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Creating a Mac-Type Background in Photoshop

This tutorial is about making a “mac” style background. You can use these in all sorts of situations, including the obvious –your desktop– as well as part of your designs or for corporate work (Powerpoint presentations, Flash work, etc). Naturally, you wouldn’t want to use this exact set of steps, but following them will give you a good idea of the technique. Good luck!

Step 1:

We begin with a blank canvas and then draw a subtle gradient across it. (I’m using a 1280×1024 canvas here.)
Don’t be fooled by the black border, incidentally, that’s just Photoshop. So anyhow, I’ve chosen two orange colors that are similar to each other to make a very subtle gradient indeed.

Step 2:

Now take your Polygonal Lasso Tool (L) and draw in a rough triangular selection as shown.
Then take a really fat soft brush (size 300 or so) and draw some faded-in white with the edge of it, again as shown. Be careful not to make it too strong.

Step 3:

Set your white from step 2 to Overlay.
Now again, take your Polygonal Lasso Tool and do a similar triangle but back and against it (like shown). This time add some black. I actually used a gradient fill here using black and nothing. You can get this type of gradient by selecting your gradient tool then dropping down and choosing the second one along:

Step 4:

Set your black layer to Overlay at 34%.
Now use the Pen Tool and draw a nice-looking curve. The secret to nice curves with the Pen Tool is dragging the handle a long way.
Join the path back up so it is one continuous blob, then right click and select Make Selection

Step 5:

You should now have a selection of a nice curve (as shown). Once again use the Gradient Tool, this time with white fading to nothing and add some white.
Set this layer to Overlay and you should have something similar to what is shown.

Step 6:

And again grab the Pen Tool and this time make a new even more interesting shape. You can see the shape I created on the left…
Close the shape back in on itself so it is one continuous path and again right click and choose Make Selection.

Step 7:

Now with your selection, grab that fat soft brush again (size 300) and add some black just at the top on one side (as shown).
Don’t let go of your selection as you’ll need it for the next few steps.

Step 8:

Now choose a selection tool (doesn’t matter which one) and hit the Down arrow key 10 times. You need to have a selection tool on to move your selection around or Photoshop will try to move some of your artwork (since you are on a new layer, it will give you an error). So make sure you’ve chosen a Polygonal Lasso Tool or one of the others.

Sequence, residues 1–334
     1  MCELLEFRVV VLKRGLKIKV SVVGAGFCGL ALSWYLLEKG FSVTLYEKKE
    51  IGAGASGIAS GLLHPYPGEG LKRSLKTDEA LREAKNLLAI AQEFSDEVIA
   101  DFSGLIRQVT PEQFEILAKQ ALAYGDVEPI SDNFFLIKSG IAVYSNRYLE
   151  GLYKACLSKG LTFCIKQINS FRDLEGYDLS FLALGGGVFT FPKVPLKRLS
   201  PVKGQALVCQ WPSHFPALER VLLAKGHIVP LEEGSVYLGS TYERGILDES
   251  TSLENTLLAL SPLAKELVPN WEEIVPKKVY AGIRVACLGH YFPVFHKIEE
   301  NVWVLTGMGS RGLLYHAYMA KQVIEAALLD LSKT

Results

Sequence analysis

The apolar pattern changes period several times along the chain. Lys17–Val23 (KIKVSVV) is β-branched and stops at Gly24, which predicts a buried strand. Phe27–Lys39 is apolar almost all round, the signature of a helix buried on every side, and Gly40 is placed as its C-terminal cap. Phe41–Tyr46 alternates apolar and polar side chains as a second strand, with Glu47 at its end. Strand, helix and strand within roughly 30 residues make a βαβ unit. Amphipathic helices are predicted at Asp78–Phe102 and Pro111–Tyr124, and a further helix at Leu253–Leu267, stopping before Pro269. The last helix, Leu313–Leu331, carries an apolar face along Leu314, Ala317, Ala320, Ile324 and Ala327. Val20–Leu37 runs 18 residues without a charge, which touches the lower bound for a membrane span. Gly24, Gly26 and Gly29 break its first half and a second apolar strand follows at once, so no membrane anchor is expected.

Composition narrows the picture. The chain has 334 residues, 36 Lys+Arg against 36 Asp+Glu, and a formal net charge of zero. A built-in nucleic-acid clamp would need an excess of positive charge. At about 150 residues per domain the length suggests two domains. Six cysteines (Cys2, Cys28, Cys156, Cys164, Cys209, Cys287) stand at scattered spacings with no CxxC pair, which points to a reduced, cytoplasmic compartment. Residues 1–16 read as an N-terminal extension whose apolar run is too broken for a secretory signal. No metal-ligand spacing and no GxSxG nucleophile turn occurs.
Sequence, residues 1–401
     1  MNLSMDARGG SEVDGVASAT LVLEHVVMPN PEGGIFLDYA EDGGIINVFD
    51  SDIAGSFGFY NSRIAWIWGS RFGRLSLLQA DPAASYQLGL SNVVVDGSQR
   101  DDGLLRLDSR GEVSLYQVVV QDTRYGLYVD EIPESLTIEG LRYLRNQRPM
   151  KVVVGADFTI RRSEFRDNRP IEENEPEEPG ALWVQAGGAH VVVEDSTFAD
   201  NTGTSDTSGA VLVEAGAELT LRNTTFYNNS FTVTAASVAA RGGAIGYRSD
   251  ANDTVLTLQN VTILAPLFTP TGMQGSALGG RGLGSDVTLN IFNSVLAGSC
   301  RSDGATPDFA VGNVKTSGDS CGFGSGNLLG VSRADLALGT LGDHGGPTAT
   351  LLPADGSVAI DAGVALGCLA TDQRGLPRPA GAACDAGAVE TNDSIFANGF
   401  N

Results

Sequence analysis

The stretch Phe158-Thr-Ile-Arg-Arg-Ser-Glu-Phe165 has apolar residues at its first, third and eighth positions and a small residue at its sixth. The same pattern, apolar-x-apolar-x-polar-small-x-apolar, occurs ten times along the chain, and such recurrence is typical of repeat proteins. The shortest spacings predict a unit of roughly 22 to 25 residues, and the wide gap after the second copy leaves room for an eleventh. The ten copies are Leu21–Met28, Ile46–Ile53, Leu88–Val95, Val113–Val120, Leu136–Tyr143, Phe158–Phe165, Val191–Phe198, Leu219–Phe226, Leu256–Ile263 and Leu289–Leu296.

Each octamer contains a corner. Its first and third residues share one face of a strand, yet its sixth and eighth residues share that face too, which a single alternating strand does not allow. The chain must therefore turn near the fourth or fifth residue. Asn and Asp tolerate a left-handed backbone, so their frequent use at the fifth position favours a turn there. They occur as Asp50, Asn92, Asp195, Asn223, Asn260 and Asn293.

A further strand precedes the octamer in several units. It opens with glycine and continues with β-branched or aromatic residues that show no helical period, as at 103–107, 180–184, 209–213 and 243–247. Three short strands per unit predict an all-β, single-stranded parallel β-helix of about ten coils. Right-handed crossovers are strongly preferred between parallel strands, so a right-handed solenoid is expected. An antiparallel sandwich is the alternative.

Now press Ctrl+Shift+I to inverse your selection. Then with your soft brush (size 300) paint some black down the bottom as shown. When you’re done set the layer to Overlay and fade it back to 60%.

Step 9:

Now press Ctrl+Shift+I to inverse your selection again (back to the original) and this time paint some nice white as shown. Note that because we moved our selection down back in Step 8, this won’t quite align with the black.

Step 10:

Now grab your Gradient Tool, choose white to nothing and set it to Radial Gradient. Then add a white light at the top left as shown. Set this layer to Overlay.

Step 11:

Now at the moment, the colors aren’t looking quite right. If I were really energetic, I’d go back to the beginning and start again with a different set of oranges. But instead we’re going to do a quick adjustment.
On the new layer, add a fill of a good orange similar to the one shown. Set the blending mode to Color and set the Opacity to 55%. This should adjust nicely.

Step 12:

Now that’s looking a bit better.
Now once again, use the usual method of using the pen tool to draw a nice curved selection (as shown) and then right click and choose Make Selection.

Step 13:

Use the White – Nothing gradient and add a smooth white transition from left to right as shown. And set the layer to Overlay.

Step 14:

As you can see, we’re getting close. Now create one final curved selection down in the bottom left add a white gradient fading to nothing (our favorite tool as you can see) and switch to Overlay.

Step 15:

For the final touches, I added a tinge of black overlayed bottom right and a bit more white overlayed on the top left. But these are inconsequential changes.
You might want to go through and polish yours up a little too at this point because other than that you’re done!
You’ll find the Photoshop PSD file for this tutorial available up above on the right. Enjoy!